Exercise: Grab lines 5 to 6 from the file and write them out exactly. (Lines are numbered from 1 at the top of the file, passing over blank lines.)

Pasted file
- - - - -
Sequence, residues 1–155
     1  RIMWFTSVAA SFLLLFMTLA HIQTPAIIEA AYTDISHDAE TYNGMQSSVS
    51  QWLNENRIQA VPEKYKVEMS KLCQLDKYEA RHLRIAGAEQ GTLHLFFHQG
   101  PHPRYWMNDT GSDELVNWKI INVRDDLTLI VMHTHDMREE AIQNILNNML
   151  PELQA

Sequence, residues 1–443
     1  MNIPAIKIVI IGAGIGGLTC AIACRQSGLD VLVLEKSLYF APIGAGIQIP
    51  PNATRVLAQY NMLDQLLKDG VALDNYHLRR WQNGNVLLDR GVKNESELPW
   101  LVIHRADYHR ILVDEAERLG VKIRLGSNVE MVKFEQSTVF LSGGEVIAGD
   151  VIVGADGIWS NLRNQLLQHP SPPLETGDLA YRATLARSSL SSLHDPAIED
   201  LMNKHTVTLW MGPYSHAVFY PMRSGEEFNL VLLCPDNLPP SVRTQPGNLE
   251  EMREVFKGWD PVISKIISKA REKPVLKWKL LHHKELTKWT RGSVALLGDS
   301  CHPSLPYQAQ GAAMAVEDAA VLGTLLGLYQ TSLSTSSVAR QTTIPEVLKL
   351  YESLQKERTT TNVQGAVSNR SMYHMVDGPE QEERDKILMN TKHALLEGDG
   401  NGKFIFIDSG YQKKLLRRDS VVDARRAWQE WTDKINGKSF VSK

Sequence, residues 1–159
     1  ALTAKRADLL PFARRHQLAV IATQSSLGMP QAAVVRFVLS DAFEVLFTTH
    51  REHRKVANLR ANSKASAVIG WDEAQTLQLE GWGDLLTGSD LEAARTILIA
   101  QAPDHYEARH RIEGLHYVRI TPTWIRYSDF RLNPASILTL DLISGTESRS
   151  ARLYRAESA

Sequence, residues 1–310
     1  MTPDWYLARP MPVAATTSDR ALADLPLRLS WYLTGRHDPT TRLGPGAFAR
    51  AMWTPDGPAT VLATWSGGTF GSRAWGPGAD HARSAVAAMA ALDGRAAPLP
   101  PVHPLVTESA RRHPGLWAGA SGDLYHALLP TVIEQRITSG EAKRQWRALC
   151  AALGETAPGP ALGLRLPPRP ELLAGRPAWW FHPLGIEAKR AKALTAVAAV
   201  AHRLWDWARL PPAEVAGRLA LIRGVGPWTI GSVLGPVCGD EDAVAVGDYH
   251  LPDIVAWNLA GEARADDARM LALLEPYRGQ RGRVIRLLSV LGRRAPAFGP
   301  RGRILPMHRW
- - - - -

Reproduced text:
   151  PELQA

Sequence, residues 1–443